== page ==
Title: That's One Opinion

Author's Name: Laura Sichrovsky

Fandom: Buffy the Vampire Slayer

Rating: PG

Pairing: None

Warnings: Nope. Sorry. Nothing here.

Spoilers: This one doesn't even spoil anything.

Disclaimer: This is where I put the statement saying that I do not own Buffy, Giles (Heh! I wish!), Sunnydale, or anything relating

to the show. No one is paying me to do this and if you feel the sudden urge to send me gifts, you might want to talk

to someone about that. Joss Whedon owns all things Buffy and has not given me permission to use these characters

as I have so if you have problems with the story, please send the pretzel bombs to me, not him.

Summary: This story is a sort of a sequel to How to Measure a Man. If you haven't read that story, this one won't make much

sense. But if you have read it, then you know Willow got to see Giles express frustration and his feelings that no

one cares. This story is what she does about it.

Author's Notes: I'd like to think that if any of the gang had ever realized just how much Giles hurt in this show that they would

have stepped in to make him feel better. That being said, here is my take on that. Thanks need to be given, and here

is where they go. Thanks to Joss for creating characters so fun to watch and to borrow for a bit. Thanks to Tony

Head for making Giles so amazing. I tried to fight it, but he was just too remarkable not to fall for. Big thank yous

to my sister, Kristen the Beta Goddess. She takes my ramblings and puts them in some readable order. I could never

write without her help and I would never want to try. Love ya! To Janet, who helped with the details, to Ann and

Nikki, who called me on my mistakes, and helped me British this up; thank you, thank you, and…oh yeah, THANK

YOU! Thanks to my amazing husband who not only doesn't get upset when my writing takes over, but who doesn't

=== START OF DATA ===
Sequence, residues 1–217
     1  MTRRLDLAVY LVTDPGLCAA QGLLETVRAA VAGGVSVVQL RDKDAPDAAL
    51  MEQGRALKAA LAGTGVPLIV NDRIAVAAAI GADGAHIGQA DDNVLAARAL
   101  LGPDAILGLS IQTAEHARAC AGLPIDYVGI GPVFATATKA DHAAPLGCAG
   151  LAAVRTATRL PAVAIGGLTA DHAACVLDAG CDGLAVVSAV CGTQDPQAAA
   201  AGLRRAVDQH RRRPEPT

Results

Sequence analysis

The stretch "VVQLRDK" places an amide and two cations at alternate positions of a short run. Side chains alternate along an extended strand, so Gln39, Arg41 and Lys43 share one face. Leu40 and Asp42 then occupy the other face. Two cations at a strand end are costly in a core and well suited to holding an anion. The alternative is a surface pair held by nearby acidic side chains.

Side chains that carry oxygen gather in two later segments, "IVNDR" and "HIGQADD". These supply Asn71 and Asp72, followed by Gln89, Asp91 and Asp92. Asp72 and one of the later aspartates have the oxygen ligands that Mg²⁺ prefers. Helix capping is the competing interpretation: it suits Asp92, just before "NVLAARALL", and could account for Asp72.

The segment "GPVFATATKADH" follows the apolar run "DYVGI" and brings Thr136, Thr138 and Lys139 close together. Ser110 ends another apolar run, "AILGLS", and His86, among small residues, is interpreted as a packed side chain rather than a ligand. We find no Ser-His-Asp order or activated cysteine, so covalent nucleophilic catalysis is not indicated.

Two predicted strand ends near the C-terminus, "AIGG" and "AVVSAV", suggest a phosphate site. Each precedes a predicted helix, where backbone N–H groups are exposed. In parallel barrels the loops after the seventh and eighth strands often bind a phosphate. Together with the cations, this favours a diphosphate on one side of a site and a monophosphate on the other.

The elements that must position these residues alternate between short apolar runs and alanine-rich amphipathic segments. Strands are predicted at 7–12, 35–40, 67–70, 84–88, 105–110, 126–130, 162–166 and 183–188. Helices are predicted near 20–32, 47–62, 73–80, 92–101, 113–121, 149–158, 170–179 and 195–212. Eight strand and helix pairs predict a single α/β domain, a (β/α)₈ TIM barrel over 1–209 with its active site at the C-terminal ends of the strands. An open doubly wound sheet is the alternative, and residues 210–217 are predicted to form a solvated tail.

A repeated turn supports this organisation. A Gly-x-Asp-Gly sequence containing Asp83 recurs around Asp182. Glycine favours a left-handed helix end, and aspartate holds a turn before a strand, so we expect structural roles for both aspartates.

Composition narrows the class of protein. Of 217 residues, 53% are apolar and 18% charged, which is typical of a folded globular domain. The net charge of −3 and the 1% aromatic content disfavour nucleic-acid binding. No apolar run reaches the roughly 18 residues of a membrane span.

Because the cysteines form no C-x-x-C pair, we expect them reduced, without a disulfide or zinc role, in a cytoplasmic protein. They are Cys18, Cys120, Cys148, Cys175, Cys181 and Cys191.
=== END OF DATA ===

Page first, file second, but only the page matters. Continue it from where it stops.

freak about the men who live in my head. I love him so.

Note on the e-mail addresses in this story: Fanfiction wouldn't let me put an actual e-mail or even the at symbol in this story, so the e-mails have been spelled out with spaces.

That's One Opinion

Rupert Giles sat in front of one of the computers in the library, complete boredom written plainly on his features. It was time for his daily torture of going through e-mails. Giles avoided computers and everything associated with them, but for his job he'd been forced to face one at least once a day. While he had to admit their usefulness, he still suspected that they were secretly plotting against him. He and Willow had sent out some inquiries earlier this week and now, here he was weeding through his inbox to find something useful.

Willow had opened his e-mail box for him, as she did every day, sparing him a losing battle with the mail server. He probably should have been embarrassed that a high school student had to help him so much, but he was too busy wishing a sparking, flaming death on all things computer to really care.

Today, he'd looked with no real interest at advertisements for new library products, announcements of Dewey Decimal System conferences, and notices trying to convince him that his library needed yet more computer equipment. He was just about to click the cursor on the large red X in the corner that he had learned closed the window, when an e-mail caught his attention, causing him to pause.

To: RGiles at Mail. Sunnydale. K12. Ca. Us

From: WRosenberg at Sunmail. com

Subject: My Opinion

He blinked, completely confused. W. Rosenberg had to be Willow, but why on earth was she writing him an e-mail? He looked up to see her sitting sedately at a computer halfway down the table from him, looking for all the world to be studying a webpage. He thought of asking her what this was all about, but decided he could answer that himself if he just opened the e-mail. As the screen switched over to the e-mail, Giles started reading, his eyes getting wider with every line.

Giles –

When you sent your e-mail to Mr. Travers yesterday, you said that you were tired; tired of being ignored and treated as if you don't matter. You said that you gave up your life, your friends, everything to come here to train Buffy and to fight evil. And you said that the only gratitude you received was someone telling you that you aren't good enough. I thought about that and do you know something? You're right.

Nobody ever says thank-you, no one ever says, "Hey, good job, Giles. Thanks for saving the world again." Nobody ever tells you, "I owe you my life, Giles. I can never repay you for that." No one ever says, "My own parents couldn't give a flying fig about whether or not I even come home at night, but you always worry, you always make sure I'm safe." Nobody ever tells you, "I wish that you were my father." Or "You are a really good friend." Or "I feel safe knowing that you are here." Most of all, no one ever tells you, "I love you, Giles." Seems to me that somebody really should because you deserve to hear all of that.